The skewed action in Swaps and Traps brings a delightful new approach to creating something modern and original to the typical standards we see in today’s platforming releases. While the same deadly obstacles and long jumps that help construct some of the best aspects from platformers today still exist in TeamTrap‘s debut release, a new kind of trap lies atop the head of the evil Divider’s head. His magical hat is capable of completely disorienting the screen, giving our hero Mike quite the methodical platforming adventure.
The blonde haired, muscle-bound protagonist is as carefree as they come, but when Mike hears of the theft of the enchanted hat by none other than his nemesis, ‘Divider’, things become a little more personal for our hero. You see, this mystical hat has the powers to change perception right before your eyes, and it’s up to Mike to retrieve the special keys, in turn, capturing the Divider – and his vile, disorienting ways. The story may be completely bonkers and provide very little depth of intrigue yes, but the gameplay does its job to keep you entertained.
Forgettable Plot With Memorable Gameplay
While the plot line isn’t anything to rave about, and the extremely awkward voice-overs strip any sort of justice away from the otherwise slick visuals, the concept behind Swaps and Traps is a doozy. Each stage consists of numerous platforms and treacherous obstacles that the player must evade to reach our dreadful villain, Divider. However, before Divider can be reached – which promptly clears the level allowing access to the next area – players must collect the cursed key(s) in each stage.
Starting off the game with only one key per stage, Mike leaps and dodges his way around the small screen-sized obstacle course to grab the golden key. Once the key is grabbed, however, is when the levels begin to get interesting. Snatching the key may be the means for clearing the stage, but it also is the “key” element in completely rearranging portions of the screen. Just when you think Swaps and Traps will be your everyday modern platformer, things take a twisted turn and the game really starts to shine.
Taking one portion of the screen and swapping it with a portion on the other side can cause some very confusing, but highly entertaining reactions throughout the game. As you progress, the portions become smaller and more keys begin to appear in the stage, which adds more disorientation to the already bewildering stages. Collecting multiple keys in one stage can add an extra portion to be swapped, or even more puzzle inducing mayhem by rotating an already swapped portion. It’s common to find yourself re-configuring the controls mid-stage to adapt to an upside down platformer.
A Disorienting Adventure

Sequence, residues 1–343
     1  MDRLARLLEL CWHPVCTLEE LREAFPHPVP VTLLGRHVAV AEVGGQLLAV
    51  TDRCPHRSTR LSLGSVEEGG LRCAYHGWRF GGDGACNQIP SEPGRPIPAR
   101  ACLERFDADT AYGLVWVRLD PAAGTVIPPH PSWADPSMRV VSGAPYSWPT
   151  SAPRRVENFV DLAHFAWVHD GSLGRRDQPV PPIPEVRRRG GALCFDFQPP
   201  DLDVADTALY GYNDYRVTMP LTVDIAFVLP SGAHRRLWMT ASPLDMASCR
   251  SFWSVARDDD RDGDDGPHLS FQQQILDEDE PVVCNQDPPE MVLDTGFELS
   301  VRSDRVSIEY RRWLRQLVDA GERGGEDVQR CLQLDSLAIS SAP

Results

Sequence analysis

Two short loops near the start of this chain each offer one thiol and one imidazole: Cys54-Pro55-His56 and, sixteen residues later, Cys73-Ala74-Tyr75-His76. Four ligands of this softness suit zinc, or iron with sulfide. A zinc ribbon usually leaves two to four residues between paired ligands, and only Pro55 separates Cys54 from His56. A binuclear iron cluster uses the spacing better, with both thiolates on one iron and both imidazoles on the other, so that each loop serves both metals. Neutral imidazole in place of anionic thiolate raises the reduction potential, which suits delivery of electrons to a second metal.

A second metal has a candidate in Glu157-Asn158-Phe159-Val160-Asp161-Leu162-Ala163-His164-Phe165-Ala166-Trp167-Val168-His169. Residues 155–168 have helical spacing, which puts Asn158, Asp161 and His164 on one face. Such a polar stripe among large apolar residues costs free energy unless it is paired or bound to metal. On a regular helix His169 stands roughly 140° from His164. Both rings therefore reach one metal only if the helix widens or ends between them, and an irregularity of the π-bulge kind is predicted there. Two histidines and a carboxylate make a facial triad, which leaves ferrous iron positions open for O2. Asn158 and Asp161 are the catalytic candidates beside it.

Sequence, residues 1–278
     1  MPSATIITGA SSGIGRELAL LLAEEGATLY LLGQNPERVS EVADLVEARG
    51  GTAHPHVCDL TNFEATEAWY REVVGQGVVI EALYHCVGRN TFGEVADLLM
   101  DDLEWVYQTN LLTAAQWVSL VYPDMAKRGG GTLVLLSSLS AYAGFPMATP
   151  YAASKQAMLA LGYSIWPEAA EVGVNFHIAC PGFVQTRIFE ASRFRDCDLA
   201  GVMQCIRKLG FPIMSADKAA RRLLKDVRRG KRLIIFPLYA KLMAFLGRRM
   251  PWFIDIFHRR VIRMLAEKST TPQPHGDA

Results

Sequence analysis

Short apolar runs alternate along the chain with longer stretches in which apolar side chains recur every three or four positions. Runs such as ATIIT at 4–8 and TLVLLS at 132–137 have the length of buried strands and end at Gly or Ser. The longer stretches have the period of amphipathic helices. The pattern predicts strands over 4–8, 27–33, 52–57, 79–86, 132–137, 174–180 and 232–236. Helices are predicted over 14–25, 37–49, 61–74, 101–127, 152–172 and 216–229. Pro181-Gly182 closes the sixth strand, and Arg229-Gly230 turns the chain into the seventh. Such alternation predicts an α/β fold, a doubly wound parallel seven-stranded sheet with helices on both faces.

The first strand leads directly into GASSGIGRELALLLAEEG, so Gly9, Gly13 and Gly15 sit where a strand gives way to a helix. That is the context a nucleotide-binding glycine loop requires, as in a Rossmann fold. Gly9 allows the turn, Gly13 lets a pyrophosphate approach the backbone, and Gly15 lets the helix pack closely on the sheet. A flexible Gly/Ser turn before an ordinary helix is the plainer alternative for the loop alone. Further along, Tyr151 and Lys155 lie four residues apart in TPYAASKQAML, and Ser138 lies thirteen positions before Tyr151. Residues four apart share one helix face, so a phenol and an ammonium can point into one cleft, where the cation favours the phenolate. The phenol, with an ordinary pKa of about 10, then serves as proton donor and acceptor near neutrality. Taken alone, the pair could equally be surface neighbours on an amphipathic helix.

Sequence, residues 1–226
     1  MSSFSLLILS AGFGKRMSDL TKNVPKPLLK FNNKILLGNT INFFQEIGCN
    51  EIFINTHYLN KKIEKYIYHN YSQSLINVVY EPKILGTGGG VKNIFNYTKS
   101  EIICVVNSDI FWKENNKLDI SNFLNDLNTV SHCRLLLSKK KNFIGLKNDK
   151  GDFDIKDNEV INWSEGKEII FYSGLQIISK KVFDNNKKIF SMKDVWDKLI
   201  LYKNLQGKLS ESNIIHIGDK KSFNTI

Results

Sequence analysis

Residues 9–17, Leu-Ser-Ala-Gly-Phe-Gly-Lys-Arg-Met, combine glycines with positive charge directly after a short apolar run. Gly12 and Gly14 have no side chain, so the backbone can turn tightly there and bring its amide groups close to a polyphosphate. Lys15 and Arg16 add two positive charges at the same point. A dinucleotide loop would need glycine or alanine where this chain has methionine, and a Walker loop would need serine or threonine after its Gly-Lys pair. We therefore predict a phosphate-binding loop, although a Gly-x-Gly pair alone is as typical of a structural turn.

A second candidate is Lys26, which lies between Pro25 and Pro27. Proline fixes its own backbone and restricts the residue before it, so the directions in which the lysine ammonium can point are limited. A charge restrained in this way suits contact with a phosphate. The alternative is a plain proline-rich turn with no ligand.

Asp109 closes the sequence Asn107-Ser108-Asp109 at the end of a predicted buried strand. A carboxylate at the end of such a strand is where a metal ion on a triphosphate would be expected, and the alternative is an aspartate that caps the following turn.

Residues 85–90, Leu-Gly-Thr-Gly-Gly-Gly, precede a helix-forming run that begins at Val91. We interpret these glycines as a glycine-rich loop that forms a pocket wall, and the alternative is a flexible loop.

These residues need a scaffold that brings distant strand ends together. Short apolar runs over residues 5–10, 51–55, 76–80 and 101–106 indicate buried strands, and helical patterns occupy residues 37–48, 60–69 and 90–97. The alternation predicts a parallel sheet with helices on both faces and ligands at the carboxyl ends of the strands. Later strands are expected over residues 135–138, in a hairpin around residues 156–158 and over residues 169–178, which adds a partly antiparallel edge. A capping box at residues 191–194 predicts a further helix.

As you begin making your way through the stages things become not only more difficult from a platformer standpoint, but upon collecting numerous keys in one stage the utter confusion will begin to set in. Luckily, the developers realize how swapping out sections of the stage, as well as flipping them 180 degrees, can turn a rather straightforward level into an altered mess. Players thus have the option to reference back to the original layout in still photo form. With the press of the button, players can view an image of a particular stage’s original layout, even after sections have been swapped and flipped. As players begin to experiment they will soon discover that blindly leaping into a swapped section can often lead to death.
What really makes Swaps and Traps unique is that the entire stages aren’t completely flipped, but merely particular sections. While most of the stage might stay put after collecting a cursed key, the difficulty lies in the swapped sections that completely skew the player’s perception. Flipping and swapping out sections slows down the game as players try to figure out just how to land in a desired area, but that’s exactly what makes Swaps and Traps so approachable. Like most difficult platformers, our protagonist perishes after only one hit, giving a huge emphasis on trial and error, but the quick retry accessibility makes things much more attainable. The stages are extremely short, sometimes only taking a few seconds to complete, but it may take a few dozen tries to overcome some of the more challenging obstacles.
Tons Of Swapping Fun To Be Had
With up to 30 stages in each of the three chapters and a handful of off-the-wall bonus stages, Swaps and Traps never seems to come short of throwing thought-provoking challenges at the player. The platforming itself is a joy to control making for easy-to-learn gameplay, but the swapped portions of stages add just enough to keep the game thoroughly absorbing. While the story itself is forgettable, and the atrocious voice-over work does more damage than good, Swaps and Traps totally makes up for it with original and over-the-top platforming action.